WASHINGTON (AP) — While much of America was upset about the botched rollout of President Barack Obama's health care overhaul, most Democrats in Congress were still willing to give the law a chance to work.
Without the law, many of their constituents wouldn't have health insurance.
No new law has been more polarizing during Obama's presidency. It passed in 2010 without a single Republican vote, and GOP lawmakers have been railing against it ever since.
House Republicans have voted more than 50 times to repeal all or parts of the law. Almost all of their changes died in the Democratic-controlled Senate.
Why do Democrats and Republicans view this law so differently? Ideology plays a big role — Democrats are generally more willing than Republicans to look to government to help address people's problems.
Demographics shape the debate, too.
If a community has a large concentration of people without health insurance, there is a good chance it is represented by a Democrat in Congress. Of the 50 congressional districts with the most uninsured people, all but nine are represented by Democrats.
"Folks look at (the law) as a chance to have some peace of mind that, as I keep saying because it's so true in my district, that they don't have to worry about sending their son or daughter to the hospital with the fear that when they come home, they're also going to get a bill that will drive them into personal bankruptcy," said Rep. Xavier Becerra, D-Calif. "It's real. These are folks often living paycheck to paycheck."
About 251,000 people in Becerra's Los Angeles district — more than 36 percent — didn't have health insurance in 2012, according to the Census Bureau. That's the third-highest rate in Congress.
Rep. Marc Veasey, D-Texas, had the highest rate — 39 percent of his district. He has been working with groups in Texas to help people enroll in the new program.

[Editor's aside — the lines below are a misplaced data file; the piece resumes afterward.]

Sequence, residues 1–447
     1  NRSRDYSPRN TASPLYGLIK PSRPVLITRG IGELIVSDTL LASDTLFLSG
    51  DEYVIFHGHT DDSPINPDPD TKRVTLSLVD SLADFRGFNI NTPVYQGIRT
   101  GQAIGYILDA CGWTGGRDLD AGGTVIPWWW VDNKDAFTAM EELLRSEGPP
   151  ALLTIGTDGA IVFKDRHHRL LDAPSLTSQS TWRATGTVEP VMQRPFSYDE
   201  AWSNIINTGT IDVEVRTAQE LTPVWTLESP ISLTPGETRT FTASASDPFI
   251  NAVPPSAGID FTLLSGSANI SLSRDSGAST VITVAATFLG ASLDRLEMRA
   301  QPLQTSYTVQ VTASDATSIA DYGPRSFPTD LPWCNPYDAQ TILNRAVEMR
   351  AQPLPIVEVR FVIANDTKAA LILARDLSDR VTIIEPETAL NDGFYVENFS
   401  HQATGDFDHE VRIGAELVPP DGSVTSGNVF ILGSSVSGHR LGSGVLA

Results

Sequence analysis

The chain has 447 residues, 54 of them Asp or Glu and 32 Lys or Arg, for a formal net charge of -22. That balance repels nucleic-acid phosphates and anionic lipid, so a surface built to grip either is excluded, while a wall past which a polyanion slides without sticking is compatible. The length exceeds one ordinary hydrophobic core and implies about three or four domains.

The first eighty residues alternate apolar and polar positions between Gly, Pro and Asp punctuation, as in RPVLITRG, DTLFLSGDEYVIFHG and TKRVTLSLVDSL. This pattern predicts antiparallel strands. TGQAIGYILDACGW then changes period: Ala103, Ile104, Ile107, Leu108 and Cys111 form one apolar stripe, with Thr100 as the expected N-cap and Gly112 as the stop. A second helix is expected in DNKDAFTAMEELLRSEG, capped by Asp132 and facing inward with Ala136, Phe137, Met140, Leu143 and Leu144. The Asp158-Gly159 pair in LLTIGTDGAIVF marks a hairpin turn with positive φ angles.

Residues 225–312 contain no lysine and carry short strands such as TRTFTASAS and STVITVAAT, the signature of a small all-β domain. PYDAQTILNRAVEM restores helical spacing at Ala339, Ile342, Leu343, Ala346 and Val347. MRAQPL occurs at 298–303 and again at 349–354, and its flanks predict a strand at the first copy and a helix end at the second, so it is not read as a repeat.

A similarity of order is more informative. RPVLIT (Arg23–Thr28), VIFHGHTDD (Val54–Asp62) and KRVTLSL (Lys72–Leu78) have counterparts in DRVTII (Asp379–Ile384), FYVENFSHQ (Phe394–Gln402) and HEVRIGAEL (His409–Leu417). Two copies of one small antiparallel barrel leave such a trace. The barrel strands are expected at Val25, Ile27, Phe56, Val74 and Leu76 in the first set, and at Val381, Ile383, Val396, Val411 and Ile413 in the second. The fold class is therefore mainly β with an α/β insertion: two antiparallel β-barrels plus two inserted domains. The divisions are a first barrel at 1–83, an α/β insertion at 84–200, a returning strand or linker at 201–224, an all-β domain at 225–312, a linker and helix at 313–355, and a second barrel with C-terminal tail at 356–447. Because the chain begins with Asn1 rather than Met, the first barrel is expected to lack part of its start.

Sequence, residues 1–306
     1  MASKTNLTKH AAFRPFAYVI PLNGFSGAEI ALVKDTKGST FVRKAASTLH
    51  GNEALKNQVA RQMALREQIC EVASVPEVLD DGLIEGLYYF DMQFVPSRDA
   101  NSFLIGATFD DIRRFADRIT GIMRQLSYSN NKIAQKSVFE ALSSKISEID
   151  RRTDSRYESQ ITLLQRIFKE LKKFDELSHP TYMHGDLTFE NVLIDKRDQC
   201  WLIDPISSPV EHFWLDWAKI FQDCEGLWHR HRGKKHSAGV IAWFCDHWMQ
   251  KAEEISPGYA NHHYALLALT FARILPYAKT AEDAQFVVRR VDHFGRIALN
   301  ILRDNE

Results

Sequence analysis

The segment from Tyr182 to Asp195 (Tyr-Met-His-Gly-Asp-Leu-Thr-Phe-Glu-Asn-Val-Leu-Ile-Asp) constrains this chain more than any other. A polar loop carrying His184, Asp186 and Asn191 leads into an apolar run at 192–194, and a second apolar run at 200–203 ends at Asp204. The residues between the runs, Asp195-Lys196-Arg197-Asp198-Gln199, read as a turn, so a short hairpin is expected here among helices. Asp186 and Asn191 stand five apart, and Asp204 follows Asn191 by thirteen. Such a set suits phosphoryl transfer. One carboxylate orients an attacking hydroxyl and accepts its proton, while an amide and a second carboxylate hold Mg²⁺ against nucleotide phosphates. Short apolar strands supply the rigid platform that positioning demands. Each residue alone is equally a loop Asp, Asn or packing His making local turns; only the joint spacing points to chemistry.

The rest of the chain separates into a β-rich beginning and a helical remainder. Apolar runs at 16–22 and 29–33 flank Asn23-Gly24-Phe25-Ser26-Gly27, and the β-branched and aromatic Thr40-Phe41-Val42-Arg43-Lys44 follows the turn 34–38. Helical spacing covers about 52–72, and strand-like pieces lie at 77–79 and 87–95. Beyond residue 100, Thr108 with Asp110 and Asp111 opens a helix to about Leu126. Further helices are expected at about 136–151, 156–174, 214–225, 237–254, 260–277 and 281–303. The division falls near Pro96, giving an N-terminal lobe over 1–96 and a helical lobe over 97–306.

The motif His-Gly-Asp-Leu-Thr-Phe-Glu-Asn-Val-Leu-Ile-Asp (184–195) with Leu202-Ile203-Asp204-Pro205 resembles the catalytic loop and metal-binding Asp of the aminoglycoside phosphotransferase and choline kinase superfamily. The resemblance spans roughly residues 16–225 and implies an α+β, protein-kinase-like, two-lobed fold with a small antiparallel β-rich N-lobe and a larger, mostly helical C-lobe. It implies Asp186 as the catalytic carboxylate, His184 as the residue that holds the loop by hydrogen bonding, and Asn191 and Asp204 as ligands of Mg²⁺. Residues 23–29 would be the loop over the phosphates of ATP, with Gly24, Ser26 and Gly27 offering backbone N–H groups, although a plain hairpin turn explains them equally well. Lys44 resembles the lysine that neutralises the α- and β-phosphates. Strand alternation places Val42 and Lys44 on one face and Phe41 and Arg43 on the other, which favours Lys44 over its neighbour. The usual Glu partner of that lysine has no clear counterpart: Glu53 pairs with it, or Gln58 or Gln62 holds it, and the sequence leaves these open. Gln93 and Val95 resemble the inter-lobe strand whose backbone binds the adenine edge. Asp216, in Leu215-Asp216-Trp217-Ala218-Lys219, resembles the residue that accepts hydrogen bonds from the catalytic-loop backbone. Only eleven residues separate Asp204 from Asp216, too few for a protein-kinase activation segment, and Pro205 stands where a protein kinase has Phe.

The health care law is expected to provide coverage to an additional 25 million people by 2016, according to projections by the Congressional Budget Office. At that point, 91 percent of American citizens and legal residents would have coverage.
Nevertheless, even Republicans with large numbers of uninsured constituents don't like the law. They contend that the law's mix of taxes and mandates is killing jobs while making health insurance more expensive for many.
"I will continue to work with my colleagues in Congress to repeal Obamacare in order to protect Americans' access to the care they need, from the doctors they choose, at a price they can afford," Rep Mario Diaz-Balart, R-Fla., says on his website.
More than 32 percent of Diaz-Balart's south Florida district didn't have health insurance in 2012, the most for any Republican member of Congress.
In the average House district represented by a Democrat, 16 percent of residents had no health insurance in 2012, according to census data. In the average Republican district, 14.4 percent had no insurance.
The averages are that close in part because Democrats also represent the nine congressional districts with the fewest number of uninsured. All nine are in Massachusetts.
Massachusetts passed its version of the health law in 2006, when former GOP presidential candidate Mitt Romney was governor. By 2012, only 4.3 percent of Massachusetts residents had no health insurance, the lowest rate in the nation.
"It's the state version of the Affordable Care Act," Becerra said. "So for all those who say that this isn't going to work, you just have to look at the experience in Massachusetts to know that, give it time, and it will not only work but work well."
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